Innov/Strat High Megan Rizzi Good afternoon everyone, In milestone one, I chose

Innov/Strat High
Megan Rizzi
Good afternoon everyone,
In milestone one, I chose discontinuous innovation based on the financial data that was provided to us. In the short term, incremental innovation would have provided a greater return on investment (ROI), however, over the long term (after year three), discontinuous innovation would provide the greater ROI. Along with the greater financial incentive, discontinuous innovation would allow our company to be at the forefront of market trends.
In milestone two, it was decided to that we would continue to move forward with discontinuous innovation. In order to manage the innovation process, it was decided that the use of the stage-gate process would allow for a “conceptual and operational road map to move our new-product project from idea to launch – a blueprint for managing the new-product process to improve effectiveness and efficiency” (Cooper, 2020). We do need to be flexible and ensure that we are taking into consideration the needs and wants of our consumers.
My recommendation for the organization structure promotes a climate for innovation by promoting collaboration and creating an environment that is conducive to experimentation. It is important that employees feel comfortable within their work to take chances and be able to stumble and learn.
Cooper, R. G. (2000). Winning with New Products: Doing It Right. Ivey Business Journal, 64(6), 54
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Megan Scott
Initially in Milestone One, I erroneously chose incremental innovation. At that time, my line of thinking was based around short term profits and expenses. I thought that making small changes over time would be less expensive and would allow the company to “catch up” with the competition in regard to the amount of technology being implemented in the automobiles. That was obviously short sighted on my part as I clearly didn’t pay attention to the graphs we had created in Module Two when looking at the long term gains of each strategy, or perhaps I just didn’t put it all together quick enough that those charts were related to the companies. I blame a momentary lapse in my ability to think. However, after looking at the information again, it became apparent that discontinuous innovation was the right answer because the company was looking to implement new technology and race to be first to the market with a fully autonomous product, trying to claim as much market share as they could before the competition could make it to the market (Tidd, J., Bessant, J., Kouzes, J., & Posner, B., 2021, p. T-34).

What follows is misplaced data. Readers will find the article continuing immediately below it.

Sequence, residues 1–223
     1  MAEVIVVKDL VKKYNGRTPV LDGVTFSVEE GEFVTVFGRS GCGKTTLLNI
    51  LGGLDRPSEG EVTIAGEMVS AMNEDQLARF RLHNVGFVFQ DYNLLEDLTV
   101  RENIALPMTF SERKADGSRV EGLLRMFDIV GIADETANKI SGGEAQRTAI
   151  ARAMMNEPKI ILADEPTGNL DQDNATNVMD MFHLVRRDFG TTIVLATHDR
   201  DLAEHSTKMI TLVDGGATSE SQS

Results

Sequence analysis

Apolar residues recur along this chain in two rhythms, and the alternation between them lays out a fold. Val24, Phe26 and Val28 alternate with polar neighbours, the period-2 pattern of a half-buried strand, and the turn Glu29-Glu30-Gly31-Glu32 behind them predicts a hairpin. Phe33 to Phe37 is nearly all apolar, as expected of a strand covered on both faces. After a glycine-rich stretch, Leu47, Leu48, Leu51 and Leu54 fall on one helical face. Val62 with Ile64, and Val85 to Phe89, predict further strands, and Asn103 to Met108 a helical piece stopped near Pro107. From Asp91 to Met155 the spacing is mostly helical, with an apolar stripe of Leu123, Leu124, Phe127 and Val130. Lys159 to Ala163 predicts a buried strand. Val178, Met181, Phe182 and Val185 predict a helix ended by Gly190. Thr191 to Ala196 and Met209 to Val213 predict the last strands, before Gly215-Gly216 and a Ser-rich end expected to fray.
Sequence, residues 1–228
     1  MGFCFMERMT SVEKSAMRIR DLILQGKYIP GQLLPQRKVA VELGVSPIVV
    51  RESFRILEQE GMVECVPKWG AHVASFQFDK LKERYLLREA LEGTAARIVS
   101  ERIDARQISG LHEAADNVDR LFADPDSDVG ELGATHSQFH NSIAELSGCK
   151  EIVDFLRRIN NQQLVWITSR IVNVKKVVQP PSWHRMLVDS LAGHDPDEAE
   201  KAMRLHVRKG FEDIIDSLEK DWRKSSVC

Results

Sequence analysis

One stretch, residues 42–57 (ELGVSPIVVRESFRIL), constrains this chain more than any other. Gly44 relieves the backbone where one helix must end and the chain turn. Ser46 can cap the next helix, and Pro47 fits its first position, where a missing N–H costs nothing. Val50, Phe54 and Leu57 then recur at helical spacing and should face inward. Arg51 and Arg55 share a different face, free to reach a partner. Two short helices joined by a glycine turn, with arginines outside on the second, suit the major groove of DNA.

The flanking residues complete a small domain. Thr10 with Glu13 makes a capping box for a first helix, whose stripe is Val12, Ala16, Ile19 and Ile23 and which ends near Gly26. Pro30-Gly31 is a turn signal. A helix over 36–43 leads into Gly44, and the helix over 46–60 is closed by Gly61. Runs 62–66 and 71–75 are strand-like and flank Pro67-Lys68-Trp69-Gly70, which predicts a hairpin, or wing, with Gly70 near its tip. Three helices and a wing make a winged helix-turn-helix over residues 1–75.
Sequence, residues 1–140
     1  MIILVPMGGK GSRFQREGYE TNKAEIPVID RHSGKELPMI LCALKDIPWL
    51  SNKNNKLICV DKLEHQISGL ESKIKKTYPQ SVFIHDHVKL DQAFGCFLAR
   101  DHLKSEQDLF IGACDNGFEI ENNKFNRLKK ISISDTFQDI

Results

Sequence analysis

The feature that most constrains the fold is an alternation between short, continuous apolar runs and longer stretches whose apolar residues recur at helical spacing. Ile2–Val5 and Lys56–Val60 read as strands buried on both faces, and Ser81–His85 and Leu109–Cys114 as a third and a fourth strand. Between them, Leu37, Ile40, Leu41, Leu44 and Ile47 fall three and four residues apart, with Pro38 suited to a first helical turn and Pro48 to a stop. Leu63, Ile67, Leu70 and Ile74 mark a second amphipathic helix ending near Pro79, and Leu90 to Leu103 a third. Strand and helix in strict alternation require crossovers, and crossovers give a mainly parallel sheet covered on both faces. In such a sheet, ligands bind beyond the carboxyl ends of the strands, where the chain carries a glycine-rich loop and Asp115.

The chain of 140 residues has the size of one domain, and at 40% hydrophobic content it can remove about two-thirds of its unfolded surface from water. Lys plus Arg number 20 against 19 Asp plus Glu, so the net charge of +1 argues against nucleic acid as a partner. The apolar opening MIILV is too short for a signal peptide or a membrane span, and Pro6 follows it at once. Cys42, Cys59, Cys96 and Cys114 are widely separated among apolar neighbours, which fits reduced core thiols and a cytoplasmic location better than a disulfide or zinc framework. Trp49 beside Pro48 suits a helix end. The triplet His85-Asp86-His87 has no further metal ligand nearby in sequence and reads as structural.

In Milestone Two, I chose the stage gate process for product development. It made the most sense to me because it gives you the ability to take a moment to look at the project to see if it is still worth continuing forward with its development. If it is, you can continue looking at the market to see what customers are asking for and pivot your project to fit those needs. If it does not look like the project is going to get the results you were looking for, these breaks give you the chance to stop product development before any more resources have been exhausted. Between discontinuous innovation and the stage gate process, these two strategies will help drive new product development to get ahead of the competition while still providing an avenue to pivot or exit the project if it proves to not be successful.
Tidd, J., Bessant, J. R., Kouzes, J. M., & Posner, B. Z. (2021). Innovation, Strategy, and High-Performance Organizations for Southern New Hampshire University. Wiley Global Education US.
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